— Additional reporting by Sarah Siegel

Via: Katy Perry Shoe Collection With Global Brands

Misty Copeland; Why Emotional Strength Is Beauty Secret

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Misty Copeland has a pretty straightforward message for all the magazine cover women who claim “water and sleep” are the secrets to their beauty and health: “Shut up!”

In her new book, Ballerina Body, published by Grand Central Life & Style on March 21, Copeland discusses the lifelong habits ― both physical and mental ― that have helped her achieve the body of a ballerina. And while she hardly denounces the benefits of water and sleep, she’s quick to correct anyone who claims those two simple necessities are sufficient beauty “secrets.”

In fact, in a segment with CBS This Morning, the American Ballet Theater icon, who made history in 2015 when she became the company’s first black female principal dancer, explained why mental discipline and emotional strength are just as crucial to her health as drinking water, sleeping, and any other aspects of her extremely disciplined dieting and exercise regimes.

“Performing live, just dealing with all of the pressure and what it is to be in a competitive field ―  I think it’s so important to be mentally and emotionally prepared and strong,” she told CBS. “I think every woman, every person can relate to that. It’s not just about being physically strong, it’s about believing in yourself.”

Ballerina Body is Copeland’s first health and fitness book, which provides step-by-step advice, meal plans and workout routines for women looking to emulate Copeland’s fitness regimen. The book, Copeland says, is geared to anyone and everyone (though the introduction singles out women) who wants to enact the kind of long-term change she embarked upon to achieve her physique.

Copeland’s figure does not reflect the centuries-old ballerina ideal: impossibly long, lean and white. And she acknowledges this, and how her presence as an acclaimed ballerina has subsequently helped reshape the image of a dancer onstage. “It’s no longer about looking childlike and brittle,” she writes. “We are real women and ballerinas, and we, as well as those who aspire to a similar physical ideal, want to be lean but also muscular, feminine but also strong, lithe but also curvaceous.”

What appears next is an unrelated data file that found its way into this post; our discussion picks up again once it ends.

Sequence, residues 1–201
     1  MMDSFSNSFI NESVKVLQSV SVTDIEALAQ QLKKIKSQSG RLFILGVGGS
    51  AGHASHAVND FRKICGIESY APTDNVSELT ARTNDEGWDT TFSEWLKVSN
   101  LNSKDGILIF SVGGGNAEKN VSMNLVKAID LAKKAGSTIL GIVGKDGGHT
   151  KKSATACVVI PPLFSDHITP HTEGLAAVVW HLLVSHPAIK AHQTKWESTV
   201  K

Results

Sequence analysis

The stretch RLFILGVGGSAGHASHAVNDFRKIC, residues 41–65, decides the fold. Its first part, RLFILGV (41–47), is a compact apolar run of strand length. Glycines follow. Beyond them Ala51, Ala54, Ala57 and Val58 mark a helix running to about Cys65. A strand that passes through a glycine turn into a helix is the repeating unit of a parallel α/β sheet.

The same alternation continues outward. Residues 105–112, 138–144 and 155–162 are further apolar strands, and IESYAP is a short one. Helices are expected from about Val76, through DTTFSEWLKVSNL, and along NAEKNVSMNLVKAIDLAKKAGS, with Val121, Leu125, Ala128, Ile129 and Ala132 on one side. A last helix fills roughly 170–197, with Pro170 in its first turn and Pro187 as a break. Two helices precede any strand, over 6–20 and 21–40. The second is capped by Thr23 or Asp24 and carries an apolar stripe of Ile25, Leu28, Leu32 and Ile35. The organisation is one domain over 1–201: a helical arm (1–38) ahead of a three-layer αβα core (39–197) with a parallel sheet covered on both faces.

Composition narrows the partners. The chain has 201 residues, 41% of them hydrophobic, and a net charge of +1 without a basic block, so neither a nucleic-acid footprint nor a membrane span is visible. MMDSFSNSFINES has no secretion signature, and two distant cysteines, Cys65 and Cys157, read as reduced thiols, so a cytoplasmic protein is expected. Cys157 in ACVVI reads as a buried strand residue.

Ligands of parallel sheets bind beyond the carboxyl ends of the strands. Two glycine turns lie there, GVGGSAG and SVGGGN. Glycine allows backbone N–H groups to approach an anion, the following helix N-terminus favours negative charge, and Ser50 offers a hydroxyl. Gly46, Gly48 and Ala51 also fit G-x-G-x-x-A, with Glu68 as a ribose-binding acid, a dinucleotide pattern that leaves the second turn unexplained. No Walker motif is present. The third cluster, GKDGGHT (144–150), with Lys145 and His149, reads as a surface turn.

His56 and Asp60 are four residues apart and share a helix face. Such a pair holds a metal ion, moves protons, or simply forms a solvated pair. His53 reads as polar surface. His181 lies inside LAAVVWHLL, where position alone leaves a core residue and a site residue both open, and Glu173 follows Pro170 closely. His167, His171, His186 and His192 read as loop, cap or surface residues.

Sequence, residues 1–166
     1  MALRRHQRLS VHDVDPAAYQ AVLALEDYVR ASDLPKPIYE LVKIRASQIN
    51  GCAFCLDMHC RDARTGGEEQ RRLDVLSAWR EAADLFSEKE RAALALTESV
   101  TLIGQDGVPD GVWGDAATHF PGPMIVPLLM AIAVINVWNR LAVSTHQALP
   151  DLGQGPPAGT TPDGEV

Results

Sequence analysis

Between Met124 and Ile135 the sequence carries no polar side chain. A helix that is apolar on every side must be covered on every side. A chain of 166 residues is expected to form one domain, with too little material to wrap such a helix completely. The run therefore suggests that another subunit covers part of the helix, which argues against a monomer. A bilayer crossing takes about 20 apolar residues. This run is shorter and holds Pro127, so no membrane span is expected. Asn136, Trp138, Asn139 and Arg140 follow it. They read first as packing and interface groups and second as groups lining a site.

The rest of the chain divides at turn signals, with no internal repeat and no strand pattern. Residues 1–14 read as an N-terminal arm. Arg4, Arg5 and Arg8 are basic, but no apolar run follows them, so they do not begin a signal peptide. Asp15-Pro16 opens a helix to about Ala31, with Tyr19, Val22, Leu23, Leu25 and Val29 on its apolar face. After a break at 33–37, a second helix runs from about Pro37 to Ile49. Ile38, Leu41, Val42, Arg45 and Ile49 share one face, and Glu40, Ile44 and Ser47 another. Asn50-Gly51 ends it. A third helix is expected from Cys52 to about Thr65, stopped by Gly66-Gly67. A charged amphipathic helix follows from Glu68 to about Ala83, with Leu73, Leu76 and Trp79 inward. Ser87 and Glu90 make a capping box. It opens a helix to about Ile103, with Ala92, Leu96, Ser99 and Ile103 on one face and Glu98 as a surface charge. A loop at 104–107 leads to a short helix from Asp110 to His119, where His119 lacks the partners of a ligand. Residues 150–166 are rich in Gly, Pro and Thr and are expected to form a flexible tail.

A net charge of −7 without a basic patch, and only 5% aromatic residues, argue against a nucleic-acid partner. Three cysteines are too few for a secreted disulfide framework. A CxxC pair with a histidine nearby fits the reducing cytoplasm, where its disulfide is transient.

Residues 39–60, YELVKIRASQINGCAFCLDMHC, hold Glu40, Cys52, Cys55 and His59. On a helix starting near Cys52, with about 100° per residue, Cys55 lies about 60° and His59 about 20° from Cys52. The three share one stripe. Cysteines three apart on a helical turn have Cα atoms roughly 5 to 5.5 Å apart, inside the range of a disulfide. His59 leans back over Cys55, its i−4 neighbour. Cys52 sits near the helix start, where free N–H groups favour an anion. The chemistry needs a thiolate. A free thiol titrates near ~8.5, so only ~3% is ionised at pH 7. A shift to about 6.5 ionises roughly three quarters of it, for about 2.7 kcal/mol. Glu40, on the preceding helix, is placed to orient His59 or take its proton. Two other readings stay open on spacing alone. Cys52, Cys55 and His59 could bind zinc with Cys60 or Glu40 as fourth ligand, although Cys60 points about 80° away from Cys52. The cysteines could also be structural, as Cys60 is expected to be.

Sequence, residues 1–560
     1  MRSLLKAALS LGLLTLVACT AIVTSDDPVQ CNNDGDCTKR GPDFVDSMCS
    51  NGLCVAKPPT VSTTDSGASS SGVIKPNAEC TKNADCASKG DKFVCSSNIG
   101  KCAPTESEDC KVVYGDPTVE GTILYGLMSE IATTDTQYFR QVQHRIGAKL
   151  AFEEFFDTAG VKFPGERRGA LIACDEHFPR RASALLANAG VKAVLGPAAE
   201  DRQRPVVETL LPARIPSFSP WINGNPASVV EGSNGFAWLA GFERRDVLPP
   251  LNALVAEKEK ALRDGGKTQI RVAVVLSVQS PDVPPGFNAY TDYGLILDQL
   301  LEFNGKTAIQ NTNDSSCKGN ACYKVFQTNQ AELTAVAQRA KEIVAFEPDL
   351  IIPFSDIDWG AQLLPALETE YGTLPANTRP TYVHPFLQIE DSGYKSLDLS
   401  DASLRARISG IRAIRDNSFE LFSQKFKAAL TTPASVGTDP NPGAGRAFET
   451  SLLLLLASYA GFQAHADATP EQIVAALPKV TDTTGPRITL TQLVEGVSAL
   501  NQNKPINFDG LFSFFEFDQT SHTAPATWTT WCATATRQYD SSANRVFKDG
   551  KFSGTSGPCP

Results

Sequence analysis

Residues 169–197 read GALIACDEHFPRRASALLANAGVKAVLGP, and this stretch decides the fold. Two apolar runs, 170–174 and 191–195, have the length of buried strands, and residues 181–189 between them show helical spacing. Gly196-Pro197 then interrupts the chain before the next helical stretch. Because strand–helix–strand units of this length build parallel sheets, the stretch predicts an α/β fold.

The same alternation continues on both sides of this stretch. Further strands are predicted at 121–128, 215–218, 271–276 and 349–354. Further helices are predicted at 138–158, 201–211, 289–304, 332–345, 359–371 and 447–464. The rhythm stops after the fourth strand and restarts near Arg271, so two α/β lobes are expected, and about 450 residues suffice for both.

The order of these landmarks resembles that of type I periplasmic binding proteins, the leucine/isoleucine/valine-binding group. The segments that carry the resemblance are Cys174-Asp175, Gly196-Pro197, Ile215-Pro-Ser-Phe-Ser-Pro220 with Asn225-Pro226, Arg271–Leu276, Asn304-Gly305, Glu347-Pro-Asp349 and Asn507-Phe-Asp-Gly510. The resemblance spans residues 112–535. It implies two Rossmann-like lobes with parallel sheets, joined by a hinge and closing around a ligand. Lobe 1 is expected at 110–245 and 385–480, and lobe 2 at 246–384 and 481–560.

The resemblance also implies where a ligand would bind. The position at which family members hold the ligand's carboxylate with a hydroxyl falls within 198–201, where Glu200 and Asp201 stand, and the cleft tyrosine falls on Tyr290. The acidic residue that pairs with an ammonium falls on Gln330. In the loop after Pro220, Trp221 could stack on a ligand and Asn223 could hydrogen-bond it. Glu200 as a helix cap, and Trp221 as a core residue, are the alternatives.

While her form doesn’t necessarily adhere to outdated conventions, Copeland’s body is still nothing short of exceptional, requiring diligent exercise and self-control. But, aside from the book’s emphases on sculpting “toned derrières” and “crystal-cut curves,” Copeland focuses on the mindful attitudes necessary for success, too. The first section of her book is aptly devoted to topics related to the “Mind,” and outlines how Copeland herself built up the emotional strength necessary for her career longevity.

“It took me my entire career, I think, to really understand how to take care of my body,” she told CBS. “To respect it. To understand that I’m an athlete and that it’s a long journey of figuring these things out. That it’s about creating your own version of a healthy image ― of a ballerina body.”

GRAND CENTRAL LIFE STYLE

Ballerina Body is available on Amazon or at your local bookstore

Via: Misty Copeland Explains Why Emotional Strength Is Her Beauty Secret

How Your Ancestors’ Environment Determines The Shape Of Your Nose 

DP3010 VIA GETTY IMAGES

Whether your nose is long and narrow or short and wide, you may have your ancestors’ climate to thank.

New anthropological research finds that nose shape is formed through a process of natural selection responding to the temperature and humidity of the local environment.